Parts Used & Where Grown
Although native to North America, witch hazel now also grows in Europe. The leaves and bark of the tree are used in herbal medicine.
How It Works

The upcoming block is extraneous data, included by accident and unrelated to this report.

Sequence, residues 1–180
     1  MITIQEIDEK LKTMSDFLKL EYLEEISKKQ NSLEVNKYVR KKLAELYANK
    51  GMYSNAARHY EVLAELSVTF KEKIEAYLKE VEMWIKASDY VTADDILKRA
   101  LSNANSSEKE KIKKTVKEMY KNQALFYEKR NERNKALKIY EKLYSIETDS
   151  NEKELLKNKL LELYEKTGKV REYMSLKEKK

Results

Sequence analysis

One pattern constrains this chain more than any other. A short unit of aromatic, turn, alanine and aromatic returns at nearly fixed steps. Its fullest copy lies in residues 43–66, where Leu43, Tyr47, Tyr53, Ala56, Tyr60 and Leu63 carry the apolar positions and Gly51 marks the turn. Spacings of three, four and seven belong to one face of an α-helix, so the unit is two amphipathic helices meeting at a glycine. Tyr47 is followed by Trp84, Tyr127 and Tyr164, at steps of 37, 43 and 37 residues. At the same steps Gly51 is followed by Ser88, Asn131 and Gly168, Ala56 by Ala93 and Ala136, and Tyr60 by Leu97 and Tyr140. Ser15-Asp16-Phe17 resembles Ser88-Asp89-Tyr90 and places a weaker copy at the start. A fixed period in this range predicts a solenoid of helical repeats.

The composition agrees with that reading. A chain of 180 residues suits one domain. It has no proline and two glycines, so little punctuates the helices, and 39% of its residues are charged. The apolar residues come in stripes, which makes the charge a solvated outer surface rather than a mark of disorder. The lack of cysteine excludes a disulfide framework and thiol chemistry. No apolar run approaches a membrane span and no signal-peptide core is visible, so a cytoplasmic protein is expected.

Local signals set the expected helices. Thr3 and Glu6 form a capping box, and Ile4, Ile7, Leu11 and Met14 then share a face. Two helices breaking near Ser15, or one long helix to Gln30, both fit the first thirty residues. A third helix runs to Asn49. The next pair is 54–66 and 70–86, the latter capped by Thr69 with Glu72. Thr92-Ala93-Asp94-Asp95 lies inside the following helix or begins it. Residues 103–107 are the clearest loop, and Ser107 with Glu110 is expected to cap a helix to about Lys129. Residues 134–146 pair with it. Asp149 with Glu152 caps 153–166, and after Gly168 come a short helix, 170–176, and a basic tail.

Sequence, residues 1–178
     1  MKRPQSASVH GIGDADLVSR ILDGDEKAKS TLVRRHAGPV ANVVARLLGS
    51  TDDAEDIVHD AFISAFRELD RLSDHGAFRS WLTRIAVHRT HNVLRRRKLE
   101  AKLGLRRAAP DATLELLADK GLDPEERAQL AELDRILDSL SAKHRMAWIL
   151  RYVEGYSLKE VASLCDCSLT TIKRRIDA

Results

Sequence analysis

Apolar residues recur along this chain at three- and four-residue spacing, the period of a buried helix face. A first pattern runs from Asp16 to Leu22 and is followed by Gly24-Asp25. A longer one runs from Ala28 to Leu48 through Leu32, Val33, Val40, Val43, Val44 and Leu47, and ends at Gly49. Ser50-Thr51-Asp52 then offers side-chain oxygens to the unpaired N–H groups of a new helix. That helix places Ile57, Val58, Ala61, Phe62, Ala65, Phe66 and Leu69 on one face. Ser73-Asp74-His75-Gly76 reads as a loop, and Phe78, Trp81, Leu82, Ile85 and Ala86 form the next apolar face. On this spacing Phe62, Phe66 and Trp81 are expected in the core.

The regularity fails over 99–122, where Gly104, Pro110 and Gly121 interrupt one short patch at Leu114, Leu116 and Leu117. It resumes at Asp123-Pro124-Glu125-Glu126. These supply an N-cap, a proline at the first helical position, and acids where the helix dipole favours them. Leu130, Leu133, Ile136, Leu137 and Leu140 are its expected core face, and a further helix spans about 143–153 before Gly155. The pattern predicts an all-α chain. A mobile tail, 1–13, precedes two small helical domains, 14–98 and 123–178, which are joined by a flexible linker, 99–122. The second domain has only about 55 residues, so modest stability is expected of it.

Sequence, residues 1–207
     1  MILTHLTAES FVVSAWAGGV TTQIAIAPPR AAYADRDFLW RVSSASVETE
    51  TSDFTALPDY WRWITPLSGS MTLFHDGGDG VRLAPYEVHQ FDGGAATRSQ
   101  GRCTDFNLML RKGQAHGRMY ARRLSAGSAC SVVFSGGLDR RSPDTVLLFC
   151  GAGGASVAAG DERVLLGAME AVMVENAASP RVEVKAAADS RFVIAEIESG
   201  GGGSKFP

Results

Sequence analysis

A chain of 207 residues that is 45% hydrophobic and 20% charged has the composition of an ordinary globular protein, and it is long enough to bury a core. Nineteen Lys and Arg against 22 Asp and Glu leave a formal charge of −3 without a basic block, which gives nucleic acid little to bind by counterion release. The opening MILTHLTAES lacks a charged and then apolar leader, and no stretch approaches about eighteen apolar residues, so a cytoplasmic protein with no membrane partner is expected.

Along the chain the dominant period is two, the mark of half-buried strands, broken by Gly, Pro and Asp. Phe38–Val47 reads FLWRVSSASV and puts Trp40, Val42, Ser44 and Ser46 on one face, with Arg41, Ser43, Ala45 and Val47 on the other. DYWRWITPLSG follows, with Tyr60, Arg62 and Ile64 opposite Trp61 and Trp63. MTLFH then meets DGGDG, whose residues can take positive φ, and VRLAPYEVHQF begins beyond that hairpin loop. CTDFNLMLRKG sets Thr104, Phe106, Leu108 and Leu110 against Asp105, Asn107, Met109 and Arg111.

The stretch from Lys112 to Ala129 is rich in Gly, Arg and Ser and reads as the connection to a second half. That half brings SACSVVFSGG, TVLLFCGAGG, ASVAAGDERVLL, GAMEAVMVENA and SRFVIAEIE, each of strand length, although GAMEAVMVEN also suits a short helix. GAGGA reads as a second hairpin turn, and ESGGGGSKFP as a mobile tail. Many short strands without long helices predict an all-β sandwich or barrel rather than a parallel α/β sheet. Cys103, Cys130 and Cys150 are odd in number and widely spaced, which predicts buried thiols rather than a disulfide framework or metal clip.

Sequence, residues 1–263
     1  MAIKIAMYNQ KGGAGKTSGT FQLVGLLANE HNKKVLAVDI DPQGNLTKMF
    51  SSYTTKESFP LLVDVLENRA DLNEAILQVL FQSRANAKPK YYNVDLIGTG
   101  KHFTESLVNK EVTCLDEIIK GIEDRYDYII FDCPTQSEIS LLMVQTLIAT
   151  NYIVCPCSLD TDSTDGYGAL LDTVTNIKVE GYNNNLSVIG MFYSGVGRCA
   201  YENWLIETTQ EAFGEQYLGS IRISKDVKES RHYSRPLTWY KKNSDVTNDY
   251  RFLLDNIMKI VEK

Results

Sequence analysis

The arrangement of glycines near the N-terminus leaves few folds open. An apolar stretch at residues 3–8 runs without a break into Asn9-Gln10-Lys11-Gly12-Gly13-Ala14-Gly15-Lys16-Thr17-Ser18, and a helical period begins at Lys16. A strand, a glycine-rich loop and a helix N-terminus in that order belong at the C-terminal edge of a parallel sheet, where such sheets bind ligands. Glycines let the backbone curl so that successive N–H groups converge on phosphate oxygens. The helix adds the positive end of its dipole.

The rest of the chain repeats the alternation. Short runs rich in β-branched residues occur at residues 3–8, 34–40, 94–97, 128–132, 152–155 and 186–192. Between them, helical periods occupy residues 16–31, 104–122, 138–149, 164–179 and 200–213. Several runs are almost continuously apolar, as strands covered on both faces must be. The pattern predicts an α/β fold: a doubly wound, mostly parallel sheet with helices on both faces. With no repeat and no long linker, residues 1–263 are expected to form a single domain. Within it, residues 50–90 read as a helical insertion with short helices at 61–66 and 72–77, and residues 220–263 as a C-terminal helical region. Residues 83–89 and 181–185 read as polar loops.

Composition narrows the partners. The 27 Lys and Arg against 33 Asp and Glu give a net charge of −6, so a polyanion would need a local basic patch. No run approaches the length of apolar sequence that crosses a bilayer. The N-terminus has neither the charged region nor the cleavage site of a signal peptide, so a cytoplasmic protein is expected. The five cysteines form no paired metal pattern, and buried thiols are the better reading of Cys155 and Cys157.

Tannins and volatile oils are the main active constituents in witch hazel. These constituents contribute to the strong astringent effect of witch hazel. Pharmacological studies have suggested that witch hazel strengthens veins and is anti-inflammatory.1,2 Topical creams are currently used in Europe to treat inflammatory skin conditions, such as eczema. One double-blind trial found that a topical witch hazel ointment (applied four times per day) was as effective as the topical anti-inflammatory drug bufexamac for people with eczema.3 However, another trial found that witch hazel was no better than a placebo when compared to hydrocortisone for people with eczema.4 Witch hazel is approved in Germany for relief of local mouth inflammations such as canker sores.